HOW TO make your brand stand OUT
Follow our guide to creating a strong visual identity for your product
A brand’s identity isn’t just about a certain logo or colour palette; it’s about all the ingredients that go together to make it stand out from its competitors. ‘A strong visual brand identity is important because you need to be able to communicate with your customer,’ says Chris de Verteuil. ‘By setting the look, you are talking to a certain set of people, and you can begin to build a community who will relate to your style. It builds loyalty and trust.’
Be inspired. ‘You need to start by creating the look you want,’ says Chris. ‘Be very clear about who you are and the message you want to convey. The Priddy Essentials look, for instance, is creating a romantic view of a bygone era. We draw from different influences when we create a new range – it could be an 18th-century newspaper or a 20th-century print design. We constantly visit antiques centres so, for example, we might find a Georgian tea chest inspiring and, in terms of packaging, we would try and work out how to bring the feeling of that item into today’s materials.’ A good way of working out your brand identity is by creating a mood board (or a Pinterest board) of what’s caught your eye. ‘Don’t be intimidated by the enormity of what is on offer on the internet,’ says Chris. ‘We find that it’s best to set a time limit for surfing and then print off a hard copy of the images to reassess their importance.’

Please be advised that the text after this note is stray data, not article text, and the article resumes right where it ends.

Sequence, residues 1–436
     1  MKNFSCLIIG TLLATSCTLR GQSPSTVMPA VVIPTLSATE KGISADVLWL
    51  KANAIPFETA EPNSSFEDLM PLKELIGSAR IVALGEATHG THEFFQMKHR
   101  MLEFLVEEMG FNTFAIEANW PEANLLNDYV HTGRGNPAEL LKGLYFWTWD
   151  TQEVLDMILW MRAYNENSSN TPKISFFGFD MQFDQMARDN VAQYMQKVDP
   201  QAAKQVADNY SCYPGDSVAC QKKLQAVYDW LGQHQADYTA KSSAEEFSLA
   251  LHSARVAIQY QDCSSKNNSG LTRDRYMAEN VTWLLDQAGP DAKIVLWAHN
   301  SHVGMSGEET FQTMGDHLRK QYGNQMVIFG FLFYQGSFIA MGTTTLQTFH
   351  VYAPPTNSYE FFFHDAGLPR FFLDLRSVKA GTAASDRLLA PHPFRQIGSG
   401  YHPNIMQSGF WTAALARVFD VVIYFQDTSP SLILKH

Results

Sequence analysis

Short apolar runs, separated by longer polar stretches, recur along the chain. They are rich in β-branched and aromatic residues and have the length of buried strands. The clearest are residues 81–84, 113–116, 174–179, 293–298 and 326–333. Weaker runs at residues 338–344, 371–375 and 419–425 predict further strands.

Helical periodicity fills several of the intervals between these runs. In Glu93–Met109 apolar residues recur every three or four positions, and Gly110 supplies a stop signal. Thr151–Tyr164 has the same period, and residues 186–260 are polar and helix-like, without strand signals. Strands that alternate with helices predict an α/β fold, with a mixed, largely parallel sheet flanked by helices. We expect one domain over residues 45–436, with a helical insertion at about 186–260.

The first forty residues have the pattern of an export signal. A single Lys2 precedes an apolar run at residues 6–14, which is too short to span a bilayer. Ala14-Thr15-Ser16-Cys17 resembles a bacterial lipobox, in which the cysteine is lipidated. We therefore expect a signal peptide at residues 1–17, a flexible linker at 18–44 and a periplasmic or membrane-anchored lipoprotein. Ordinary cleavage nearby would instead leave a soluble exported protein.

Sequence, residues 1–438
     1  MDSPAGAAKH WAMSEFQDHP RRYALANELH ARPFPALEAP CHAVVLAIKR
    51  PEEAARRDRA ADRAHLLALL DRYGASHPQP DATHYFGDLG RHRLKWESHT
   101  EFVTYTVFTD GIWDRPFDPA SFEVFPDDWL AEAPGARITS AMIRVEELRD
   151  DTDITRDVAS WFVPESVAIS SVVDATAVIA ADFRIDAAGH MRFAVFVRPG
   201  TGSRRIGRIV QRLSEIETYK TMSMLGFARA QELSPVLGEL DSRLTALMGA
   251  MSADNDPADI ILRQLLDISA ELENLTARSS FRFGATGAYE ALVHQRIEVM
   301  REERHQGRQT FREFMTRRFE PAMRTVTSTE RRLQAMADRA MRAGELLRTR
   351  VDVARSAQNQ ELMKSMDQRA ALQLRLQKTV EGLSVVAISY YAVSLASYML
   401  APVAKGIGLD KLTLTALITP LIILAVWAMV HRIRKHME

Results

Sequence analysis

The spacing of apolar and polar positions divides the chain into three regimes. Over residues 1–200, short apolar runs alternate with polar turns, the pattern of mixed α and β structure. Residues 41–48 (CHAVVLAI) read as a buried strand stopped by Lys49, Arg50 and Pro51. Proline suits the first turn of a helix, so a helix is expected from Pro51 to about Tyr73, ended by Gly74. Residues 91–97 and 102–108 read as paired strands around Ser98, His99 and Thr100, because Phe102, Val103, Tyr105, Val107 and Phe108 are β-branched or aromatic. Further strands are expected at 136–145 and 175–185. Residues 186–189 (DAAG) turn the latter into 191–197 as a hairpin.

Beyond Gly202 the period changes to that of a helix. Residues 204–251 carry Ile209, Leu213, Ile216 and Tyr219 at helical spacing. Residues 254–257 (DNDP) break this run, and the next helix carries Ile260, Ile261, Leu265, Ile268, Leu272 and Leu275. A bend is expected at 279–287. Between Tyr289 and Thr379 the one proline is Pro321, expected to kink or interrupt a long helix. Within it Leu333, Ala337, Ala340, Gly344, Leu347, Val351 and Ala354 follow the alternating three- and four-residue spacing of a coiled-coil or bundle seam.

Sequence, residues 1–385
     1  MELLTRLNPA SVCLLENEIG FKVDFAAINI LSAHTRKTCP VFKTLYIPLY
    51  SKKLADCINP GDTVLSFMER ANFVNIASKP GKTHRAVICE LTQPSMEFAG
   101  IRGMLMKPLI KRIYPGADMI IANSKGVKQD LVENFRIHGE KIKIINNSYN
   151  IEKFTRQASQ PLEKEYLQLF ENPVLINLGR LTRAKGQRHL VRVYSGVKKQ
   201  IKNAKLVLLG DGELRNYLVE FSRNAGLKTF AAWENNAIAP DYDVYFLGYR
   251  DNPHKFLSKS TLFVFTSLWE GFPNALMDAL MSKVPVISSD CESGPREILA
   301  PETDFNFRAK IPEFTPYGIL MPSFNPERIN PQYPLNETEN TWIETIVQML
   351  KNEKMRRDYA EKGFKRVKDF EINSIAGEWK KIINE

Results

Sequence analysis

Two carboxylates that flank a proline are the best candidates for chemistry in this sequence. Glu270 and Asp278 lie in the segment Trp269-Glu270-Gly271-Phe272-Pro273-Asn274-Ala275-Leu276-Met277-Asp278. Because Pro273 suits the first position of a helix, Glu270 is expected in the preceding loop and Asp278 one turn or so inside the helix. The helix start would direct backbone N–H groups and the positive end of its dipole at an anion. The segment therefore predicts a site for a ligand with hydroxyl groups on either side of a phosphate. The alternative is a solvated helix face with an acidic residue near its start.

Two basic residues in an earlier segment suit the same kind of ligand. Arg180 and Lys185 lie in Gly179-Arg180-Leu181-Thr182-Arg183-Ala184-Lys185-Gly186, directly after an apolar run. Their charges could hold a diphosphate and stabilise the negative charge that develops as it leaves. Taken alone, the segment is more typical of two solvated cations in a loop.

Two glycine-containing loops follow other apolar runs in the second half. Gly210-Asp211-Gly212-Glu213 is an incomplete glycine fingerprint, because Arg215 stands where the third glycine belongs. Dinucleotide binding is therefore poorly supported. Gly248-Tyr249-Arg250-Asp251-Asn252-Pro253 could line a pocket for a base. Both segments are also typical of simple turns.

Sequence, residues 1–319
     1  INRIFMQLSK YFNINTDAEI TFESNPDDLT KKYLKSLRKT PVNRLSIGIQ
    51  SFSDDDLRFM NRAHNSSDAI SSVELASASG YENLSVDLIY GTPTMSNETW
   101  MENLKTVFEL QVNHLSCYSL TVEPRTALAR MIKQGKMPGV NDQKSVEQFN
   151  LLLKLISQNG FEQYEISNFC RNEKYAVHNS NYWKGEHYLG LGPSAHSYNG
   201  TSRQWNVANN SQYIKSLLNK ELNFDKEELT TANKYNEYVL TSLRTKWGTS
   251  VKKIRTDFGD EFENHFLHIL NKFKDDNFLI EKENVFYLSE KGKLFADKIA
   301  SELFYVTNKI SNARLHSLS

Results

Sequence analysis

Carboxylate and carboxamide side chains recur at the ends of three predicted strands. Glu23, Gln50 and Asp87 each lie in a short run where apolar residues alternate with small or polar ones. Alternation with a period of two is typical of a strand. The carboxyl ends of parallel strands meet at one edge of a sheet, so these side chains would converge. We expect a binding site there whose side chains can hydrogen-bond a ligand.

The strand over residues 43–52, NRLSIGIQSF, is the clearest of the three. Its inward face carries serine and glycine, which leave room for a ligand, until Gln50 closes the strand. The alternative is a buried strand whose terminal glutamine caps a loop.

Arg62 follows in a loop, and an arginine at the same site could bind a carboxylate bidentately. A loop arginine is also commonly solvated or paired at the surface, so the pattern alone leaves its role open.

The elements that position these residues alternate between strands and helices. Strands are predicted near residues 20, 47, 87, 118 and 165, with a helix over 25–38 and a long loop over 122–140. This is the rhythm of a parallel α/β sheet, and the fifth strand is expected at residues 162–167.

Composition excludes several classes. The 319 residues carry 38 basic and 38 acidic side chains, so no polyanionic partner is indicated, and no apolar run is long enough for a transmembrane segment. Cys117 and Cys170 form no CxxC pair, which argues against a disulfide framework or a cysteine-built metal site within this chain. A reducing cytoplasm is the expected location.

Prepare the key visual elements. Part of having an identity involves having a logo, so work out what’s most effective.
•Logo: make sure you come up with one that is flexible. It should work with various background colours and in different shaped formats. Is it simple enough for someone to understand it at a glance? Is it in line with your brand personality? Is it web-friendly? Are you able to scale it up or down?
•Fonts: consider using a web-safe font, such as Arial, Helvetica or Times Roman.
•Colour: think carefully about which ones you will use so that you can be consistent. ‘We don’t use sharp colours,’ says Chris. ‘We use tertiary level colours so that the product feels comfortable in the shop.’ The colours that Priddy Essentials use also link through to those used in the shop decor. ‘We opted for dark walls in the apothecary room – it creates a moody feel which sets off the recycled packaging.’
Translate your vision into reality. If you don’t have a design background, you will need to brief a designer. Choose a designer whose work you like and who will listen to you. ‘You need freedom to exchange ideas,’ says Chris. You also need to give the designer a proper briefing with all the background information related to your brand story.
Allow your visual identity to grow with your brand. ‘Stick to your message but be flexible enough to play,’ says Chris.
Ensure your visual identity is cohesive. Each piece should complement the brand identity so that the look flows. An important aspect of Priddy Essentials’ packaging is the recycled element. It incorporates vintage papers in the packaging of its products and it has followed the same resource strategy throughout the shop – for example the ceilings are decorated with old pages torn from a redundant directory.
Curate your product displays. In the atmospheric apothecary room, for instance, the shelving display of bottles is organised and clear. ‘Because the stock was different shapes and sizes we knew that it was important to avoid a cluttered look,’ says Chris. ‘There is a light and bright room for clothing, while downstairs mainly consists of homeware and works from the variety of artists we’re in collaboration with. We arrange our collaborators’ work around our shop as we would in our home.’
The one lesson we have learnt... ‘a Trend is always a Trap. Just do WHAT you like most, it’s always much more Honest’